In Sherrie Levine’s Large Cradle, 2009, narrative, history and seduction coalesce in a single, elegant form. Cast in polished bronze, Large Cradle stands as a self-contained object, conjuring reference to a rich lineage of art historical precedents. Acutely cognizant of the male-dominated feld in which she operates, Levine endeavors to subvert this patriarchal authority through works such as Large Cradle. By selecting a decidedly feminine subject and re-contextualizing it through the lens of art historical masters from Van Gogh to Brancusi, and Duchamp to Judd, Levine embraces inspiration drawn from the past, while simultaneously situating herself as a female pioneer of contemporary art theory and practice. In Large Cradle, Levine references van Gogh’s celebrated painting La Berceuse from 1889, which depicts a maternal fgure seated with a rope in hand. The painting’s title, which translates to “lullaby” or “woman rocking a cradle”, alludes to the unseen cradle, which the artist has deliberately omitted from the picture plane. Levine’s re-appropriation of La Berceuse pays homage to van Gogh’s masterpiece while simultaneously challenging it, making manifest the very object that van Gogh has chosen to exclude. In Large Cradle, Levine invites the viewer to meditate on the iconicity of this feminine, maternal, and even sensual form, and, in doing so, inverts the art historical canon of works by male artists made for male consumption. Large Cradle cannot be examined without noting its direct reference to Minimalism, particularly the specifc objects created by Donald Judd. In 1965, Judd dramatically changed the course of contemporary sculpture, proclaiming a reductive new approach to art-making. Levine discusses the process by which she came to accept the inevitable inspiration drawn from her male predecessors: “I had the feeling I was reinventing the wheel. There was no way to do it better than the New York Minimalists were doing it. Eventually, I decided to make that a virtue, as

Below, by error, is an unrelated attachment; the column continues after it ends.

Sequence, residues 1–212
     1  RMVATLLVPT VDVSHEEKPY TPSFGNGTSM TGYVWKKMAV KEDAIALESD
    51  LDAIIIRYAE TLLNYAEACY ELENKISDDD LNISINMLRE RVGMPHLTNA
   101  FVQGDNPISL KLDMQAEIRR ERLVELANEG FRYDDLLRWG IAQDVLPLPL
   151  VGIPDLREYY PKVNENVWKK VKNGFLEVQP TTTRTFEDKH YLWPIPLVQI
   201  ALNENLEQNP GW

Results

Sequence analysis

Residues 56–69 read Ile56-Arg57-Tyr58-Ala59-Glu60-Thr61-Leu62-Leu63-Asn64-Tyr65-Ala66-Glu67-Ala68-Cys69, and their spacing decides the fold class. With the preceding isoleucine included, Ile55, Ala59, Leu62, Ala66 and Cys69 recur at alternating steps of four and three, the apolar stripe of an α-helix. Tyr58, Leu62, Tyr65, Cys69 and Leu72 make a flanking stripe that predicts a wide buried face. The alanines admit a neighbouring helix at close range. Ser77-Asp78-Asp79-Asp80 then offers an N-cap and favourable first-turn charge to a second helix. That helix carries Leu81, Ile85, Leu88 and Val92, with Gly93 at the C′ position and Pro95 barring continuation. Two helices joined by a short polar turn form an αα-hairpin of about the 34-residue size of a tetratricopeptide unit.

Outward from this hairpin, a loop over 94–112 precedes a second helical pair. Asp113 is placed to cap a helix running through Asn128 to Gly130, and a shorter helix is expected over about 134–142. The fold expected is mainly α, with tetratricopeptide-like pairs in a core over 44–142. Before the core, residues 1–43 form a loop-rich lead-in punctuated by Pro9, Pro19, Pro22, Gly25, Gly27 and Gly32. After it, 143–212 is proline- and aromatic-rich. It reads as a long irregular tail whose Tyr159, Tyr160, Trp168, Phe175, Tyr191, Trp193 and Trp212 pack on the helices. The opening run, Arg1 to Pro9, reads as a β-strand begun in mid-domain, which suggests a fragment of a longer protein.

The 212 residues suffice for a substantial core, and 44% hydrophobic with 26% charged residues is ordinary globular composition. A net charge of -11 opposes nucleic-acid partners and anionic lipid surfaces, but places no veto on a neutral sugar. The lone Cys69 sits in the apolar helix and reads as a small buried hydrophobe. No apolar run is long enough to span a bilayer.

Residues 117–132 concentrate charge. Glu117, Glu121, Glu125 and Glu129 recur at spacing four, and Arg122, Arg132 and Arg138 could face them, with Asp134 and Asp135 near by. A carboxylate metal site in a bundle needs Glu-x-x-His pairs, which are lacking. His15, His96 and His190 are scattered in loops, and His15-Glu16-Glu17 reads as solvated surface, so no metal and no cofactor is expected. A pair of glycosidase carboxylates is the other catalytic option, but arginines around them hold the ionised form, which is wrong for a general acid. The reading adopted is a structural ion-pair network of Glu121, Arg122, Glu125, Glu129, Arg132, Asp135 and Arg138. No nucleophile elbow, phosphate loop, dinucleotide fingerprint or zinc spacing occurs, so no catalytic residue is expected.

opposed to a problem, in my work” (Sherrie Levine, quoted in Constance Lewallen, “Sherrie Levine”, Journal of Contemporary Art 6, no. 2, Winter 1993, online). In the present lot, Levine plays with the concept of Judd’s specifc object – creating a self-contained sculpture that stands sans pedestal – yet takes a distinctly feminine twist. Thinking beyond the strictly conceptual nature of the object, Levine imbues her works with beauty, reference and narrative, explaining: “I am interested in making a work that has as much aura as its reference…There’s a level of seduction in the work that keeps you...It’s a visceral, sensual seduction that always draws you back. That’s where the hook is. Otherwise it would be an idea...I want it to be an experience” (Sherrie Levine, quoted in Constance Lewallen, “Sherrie Levine”, Journal of Contemporary Art 6, no. 2, Winter 1993, online). Seductive, feminine and emotionally complex, Large Cradle is a hallmark of Levine’s celebrated oeuvre, which continually circles back to appropriation and her fascination with recontextualizing the readymade object. In his 2011 review of Levine’s retrospective, Mayhem, at the Whitney Museum of American Art, art critic Jerry Saltz highlights the revolutionary nature of her practice: “Imagine it’s 1981. You’re an artist, in love with art, smitten with art history. You’re also a woman, with almost no mentors to look to; art history just isn’t that into you. Any woman approaching art history in the early eighties was attempting to enter an almost foreign country, a restricted and exclusionary domain that spoke a private language. Merely the act of creating art while female, in this atmosphere, was insurrectionary” (Jerry Saltz, “It’s Payback Time”, New York Magazine, November 10, 2011, online). Large Cradle exemplifes the groundbreaking nature of Levine’s pioneering practice– saturated with a feminine aura that is perhaps only achieved by the hand of a female artist, Levine succeeds in inserting herself within the canon of art history with her uniquely charged and challenging artworks.